Most women ‘unlikely to benefit’ from aneurysm screening programme

A national screening programme to detect abdominal aortic aneurysms in older men would be unlikely to benefit most women, new research has found.

Abdominal aortic aneurysms (AAAs) affect the body’s largest blood vessel, the aorta, causing it to swell and in some cases rupture, with potentially life-threatening consequences.

In 2009, the NHS introduced ultrasound screening in men aged 65 and over in the UK to detect and treat the condition – which can be symptomless until the point of rupture.

Previous studies have shown that population screening programmes for men, in countries such as the UK, Sweden and the United States, can reduce AAA-related mortality by up to 40 per cent, although any reduction in all-cause mortality is small.

In the latest study, published in The Lancet, researchers wanted to see if women in the UK, who are less likely to have AAAs, could also benefit from a similar screening programme.

A team including researchers from Imperial College London and the Universities of Leicester and Cambridge, and funded by the National Institute for Health Research, used datasets to simulate outcomes of a screening programme for women.

Little benefit

They found that by UK standards an AAA screening programme for women, mimicking that in men, “would yield little benefit”.

Their analysis revealed that screening women – based on the current criteria for men – could potentially reduce deaths from AAA among women by 7 per cent for those aged 65 to 75 and by 3 per cent from age 65 to 95, but it would require 3,900 screening invitations to avoid one AAA-death, and is unlikely to be cost-effective.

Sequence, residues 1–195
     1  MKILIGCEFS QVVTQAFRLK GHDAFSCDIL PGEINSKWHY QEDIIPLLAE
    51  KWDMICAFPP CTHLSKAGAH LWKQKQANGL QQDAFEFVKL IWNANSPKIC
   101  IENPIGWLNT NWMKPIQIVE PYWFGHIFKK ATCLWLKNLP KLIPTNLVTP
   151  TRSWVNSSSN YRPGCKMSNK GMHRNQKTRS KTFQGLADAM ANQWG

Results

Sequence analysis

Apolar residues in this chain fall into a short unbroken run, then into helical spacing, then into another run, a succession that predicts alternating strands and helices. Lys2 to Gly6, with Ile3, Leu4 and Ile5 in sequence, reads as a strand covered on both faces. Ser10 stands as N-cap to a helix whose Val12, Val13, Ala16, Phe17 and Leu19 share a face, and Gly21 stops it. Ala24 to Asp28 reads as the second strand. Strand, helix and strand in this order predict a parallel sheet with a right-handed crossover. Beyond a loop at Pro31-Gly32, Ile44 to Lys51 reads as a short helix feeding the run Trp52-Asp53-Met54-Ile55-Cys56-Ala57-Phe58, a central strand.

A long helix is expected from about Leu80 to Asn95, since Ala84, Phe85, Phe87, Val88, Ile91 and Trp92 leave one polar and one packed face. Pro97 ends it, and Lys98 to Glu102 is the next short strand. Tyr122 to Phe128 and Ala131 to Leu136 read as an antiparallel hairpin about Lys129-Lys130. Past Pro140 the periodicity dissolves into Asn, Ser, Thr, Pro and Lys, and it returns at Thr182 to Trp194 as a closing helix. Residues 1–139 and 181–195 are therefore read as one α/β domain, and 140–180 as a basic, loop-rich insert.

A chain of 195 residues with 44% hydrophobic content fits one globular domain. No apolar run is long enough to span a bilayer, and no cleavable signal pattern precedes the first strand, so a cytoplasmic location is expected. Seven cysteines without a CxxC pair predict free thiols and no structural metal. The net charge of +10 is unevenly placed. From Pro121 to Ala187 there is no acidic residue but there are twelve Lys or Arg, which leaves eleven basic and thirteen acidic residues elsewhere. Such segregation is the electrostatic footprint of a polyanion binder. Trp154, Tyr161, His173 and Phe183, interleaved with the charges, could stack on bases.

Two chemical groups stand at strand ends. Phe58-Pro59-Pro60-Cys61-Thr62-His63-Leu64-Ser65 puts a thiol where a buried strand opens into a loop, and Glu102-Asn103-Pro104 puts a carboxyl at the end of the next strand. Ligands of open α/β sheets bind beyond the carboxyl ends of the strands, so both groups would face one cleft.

Cost effective?

“We used a sophisticated computer model to find out whether an AAA screening programme for women would be cost-effective,” said Professor Simon Thompson, a statistician based at the University of Cambridge and who led the project. “This showed that if women were also offered screening, only a very small number would benefit and the cost of such a screening programme would not be a good use of NHS resources.”

However, the team add that more research is needed to understand the condition in women and understand the additional risk.

Professor Janet Powell, Visiting Professor at Imperial’s Department of Surgery & Cancer and co-author of the paper, said: “We need better information on aortic sizes of women at different ages, to see whether we have been using the wrong diagnostic threshold in women and therefore whether the population prevalence has been underestimated in women. We also need to reduce the operative mortality in women and find out whether screening has adverse effects on quality of life.

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